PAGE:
By Mandeep Tiwana, Policy Manager, CIVICUS
South African lawmakers are currently meeting in committee to discuss, clause by clause, various aspects of the Protection of Information Bill being championed by the government. Dubbed the ‘secrecy bill,’ this proposed piece of legislation is making journalists and civil society activists increasingly nervous that their professional quest for the truth will become a highly risky endeavour if the bill is passed into law.
At the heart of the debate is South Africa’s constitutional commitment to ‘accountability, responsiveness and openness.’ The bill contains draconian punishments ranging up to 25 years imprisonment for a host of offences, including obtaining, possessing, intercepting and disclosing classified information. It empowers the State Security Minister to categorise as classified a vast array of information - not only about government departments but also about independent commissions, municipal and local councils as well as community development forums.
Furthermore, information is also prevented from reaching the pubic sphere through empowering departmental heads to devise internal policies, directives and categories to classify and declassify information. Notably, disclosure of information is barred in the interests of “national security,” defined through a long-winded omnibus provision, a potentially formidable barrier against the release of information exposing official corruption and mismanagement.
Given its various aspects, there is a real danger that the passage of the secrecy bill will lead to increased opaqueness in government functioning, particularly with regard to service delivery bottlenecks. This will hit impoverished South Africans the hardest who are still struggling to realise their constitutional entitlements fifteen years into the country’s experiment with democracy. There is also the question about the bill negating the values for which the struggle against apartheid was waged and upon which the edifice of the present day South African state rests.
Despite the dire predictions of the naysayers and sceptics, South African democracy has been rather resilient. But whether it can survive such a serious onslaught on the basic freedoms of expression and information, and what the likely ramifications will be within and beyond South Africa, is anybody’s guess. As a people, South Africans have a strong culture of public protest and civil disobedience. If the bill is enacted, resentment is likely to bring large numbers of people onto the streets. Service delivery protests are a routine feature of South African life. Depriving them of the right to information is not likely to bode well amongst millions of South Africans whose quest for social and economic justice will be considerably weakened.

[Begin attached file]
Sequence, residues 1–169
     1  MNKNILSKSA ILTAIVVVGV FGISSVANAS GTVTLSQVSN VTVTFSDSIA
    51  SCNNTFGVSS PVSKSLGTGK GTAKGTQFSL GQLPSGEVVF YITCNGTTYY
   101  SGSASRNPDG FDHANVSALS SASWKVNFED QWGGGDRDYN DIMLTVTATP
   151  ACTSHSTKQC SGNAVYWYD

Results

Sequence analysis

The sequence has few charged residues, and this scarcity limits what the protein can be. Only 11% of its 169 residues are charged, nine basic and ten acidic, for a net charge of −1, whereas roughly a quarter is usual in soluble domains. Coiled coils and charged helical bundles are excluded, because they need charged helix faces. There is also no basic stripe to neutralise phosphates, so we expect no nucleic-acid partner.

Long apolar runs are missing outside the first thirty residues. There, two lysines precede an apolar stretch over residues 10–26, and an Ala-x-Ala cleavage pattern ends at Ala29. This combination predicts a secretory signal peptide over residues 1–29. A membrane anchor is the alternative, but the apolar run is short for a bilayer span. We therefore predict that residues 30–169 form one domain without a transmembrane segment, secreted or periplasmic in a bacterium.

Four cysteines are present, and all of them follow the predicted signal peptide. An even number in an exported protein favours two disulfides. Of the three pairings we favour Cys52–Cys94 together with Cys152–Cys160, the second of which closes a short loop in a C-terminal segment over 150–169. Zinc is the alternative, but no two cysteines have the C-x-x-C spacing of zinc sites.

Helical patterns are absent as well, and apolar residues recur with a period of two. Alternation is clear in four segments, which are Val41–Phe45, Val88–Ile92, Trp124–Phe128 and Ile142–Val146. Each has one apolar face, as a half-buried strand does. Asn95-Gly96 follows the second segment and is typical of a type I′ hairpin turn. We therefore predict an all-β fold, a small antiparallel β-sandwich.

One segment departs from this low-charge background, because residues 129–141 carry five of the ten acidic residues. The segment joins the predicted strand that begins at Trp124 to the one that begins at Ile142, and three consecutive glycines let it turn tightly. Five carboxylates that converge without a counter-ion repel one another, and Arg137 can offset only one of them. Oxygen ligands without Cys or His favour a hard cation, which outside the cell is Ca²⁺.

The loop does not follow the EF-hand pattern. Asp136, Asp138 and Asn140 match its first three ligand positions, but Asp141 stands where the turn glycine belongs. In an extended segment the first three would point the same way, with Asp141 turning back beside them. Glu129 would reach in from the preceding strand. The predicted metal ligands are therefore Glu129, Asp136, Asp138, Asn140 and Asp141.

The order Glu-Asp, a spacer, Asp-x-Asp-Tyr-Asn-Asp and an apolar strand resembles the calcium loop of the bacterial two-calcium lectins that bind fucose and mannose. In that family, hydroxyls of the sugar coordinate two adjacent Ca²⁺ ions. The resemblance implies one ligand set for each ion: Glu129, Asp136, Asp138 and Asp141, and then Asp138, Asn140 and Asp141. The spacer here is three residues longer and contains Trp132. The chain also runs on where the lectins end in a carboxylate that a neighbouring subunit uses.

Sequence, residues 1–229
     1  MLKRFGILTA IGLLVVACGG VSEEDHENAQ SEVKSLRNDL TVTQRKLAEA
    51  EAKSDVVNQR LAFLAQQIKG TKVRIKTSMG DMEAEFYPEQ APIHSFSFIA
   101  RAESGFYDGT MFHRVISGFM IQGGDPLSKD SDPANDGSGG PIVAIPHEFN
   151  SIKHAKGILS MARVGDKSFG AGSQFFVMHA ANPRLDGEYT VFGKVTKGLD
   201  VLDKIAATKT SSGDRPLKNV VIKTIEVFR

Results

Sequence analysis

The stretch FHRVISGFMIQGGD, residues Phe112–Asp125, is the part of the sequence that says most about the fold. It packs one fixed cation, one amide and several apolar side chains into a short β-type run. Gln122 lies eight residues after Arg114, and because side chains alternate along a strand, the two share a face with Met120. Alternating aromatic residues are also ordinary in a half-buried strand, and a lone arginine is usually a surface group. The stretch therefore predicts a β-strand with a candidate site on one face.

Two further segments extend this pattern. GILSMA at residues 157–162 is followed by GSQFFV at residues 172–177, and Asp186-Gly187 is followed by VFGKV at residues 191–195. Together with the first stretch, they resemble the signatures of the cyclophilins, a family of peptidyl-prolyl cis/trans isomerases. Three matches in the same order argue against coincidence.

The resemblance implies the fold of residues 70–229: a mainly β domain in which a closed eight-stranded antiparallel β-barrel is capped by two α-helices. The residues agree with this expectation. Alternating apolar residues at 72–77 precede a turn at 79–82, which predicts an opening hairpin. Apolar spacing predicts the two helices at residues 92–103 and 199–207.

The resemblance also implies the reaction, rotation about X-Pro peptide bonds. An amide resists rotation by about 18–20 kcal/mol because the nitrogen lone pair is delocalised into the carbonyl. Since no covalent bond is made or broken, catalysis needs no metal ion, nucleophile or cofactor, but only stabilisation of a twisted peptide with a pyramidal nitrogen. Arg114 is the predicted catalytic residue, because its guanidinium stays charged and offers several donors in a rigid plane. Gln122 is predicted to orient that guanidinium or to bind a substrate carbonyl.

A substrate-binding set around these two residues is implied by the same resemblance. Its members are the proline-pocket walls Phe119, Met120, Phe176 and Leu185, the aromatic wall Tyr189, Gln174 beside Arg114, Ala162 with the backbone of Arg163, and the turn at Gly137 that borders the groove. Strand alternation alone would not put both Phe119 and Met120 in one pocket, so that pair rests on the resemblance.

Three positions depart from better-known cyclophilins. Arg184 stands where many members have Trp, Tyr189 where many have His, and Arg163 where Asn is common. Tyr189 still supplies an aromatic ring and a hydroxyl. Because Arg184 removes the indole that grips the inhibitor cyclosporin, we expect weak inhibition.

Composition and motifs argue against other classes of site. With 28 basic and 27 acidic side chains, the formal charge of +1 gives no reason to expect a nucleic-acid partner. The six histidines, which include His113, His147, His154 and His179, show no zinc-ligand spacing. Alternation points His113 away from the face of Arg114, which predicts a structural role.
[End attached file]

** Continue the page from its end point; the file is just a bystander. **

Then there is the issue of the cascading effect the proposed law will have in the region. A number of African governments from Addis Ababa to Lusaka and from Freetown to Harare have introduced copycat laws and policies to limit civil society’s ability to expose mis-governance and human rights violations. In a generally disenabling environment for civil society in the region, South Africa is widely regarded as an African leader and shining example of a country that respects the freedoms of expression, association and assembly. All this will change if the secrecy bill is adopted. South Africa’s slippage from its pedestal as country that respects the democratic rights of its citizens and civil society will be watched closely by authoritarian and unscrupulous governments and used as an argument to justify their actions. Moreover, it will rob South Africa’s political leaders of the moral authority they bear when going out to resolve violent conflicts on the continent as part of their national diplomatic tradition.
Lastly, the international community sees South Africa not just as a continental leader but as a key member of a club of emerging democracies, exercising wide influence in global affairs on the twin bases of their rising economic power and strong commitment to democracy. South Africa’s case for a permanent seat on the UN Security Council along with India and Brazil rests largely on the legitimacy derived from these credentials. It would be a shame if South Africa were to abdicate the respect accorded to it amongst the community of nations.
Tinkering with fundamental freedoms is negotiating a slippery slope. Nelson Mandela’s words at his Nobel lecture in 1993 are starkly relevant in this case: ” A new society cannot be created by reproducing the repugnant past, however refined or enticingly repackaged.” Most of the South Africa’s politicians who have spent a lifetime opposing an unjust and brutal apartheid state - which had no qualms in using the law as an instrument of oppression - should know better.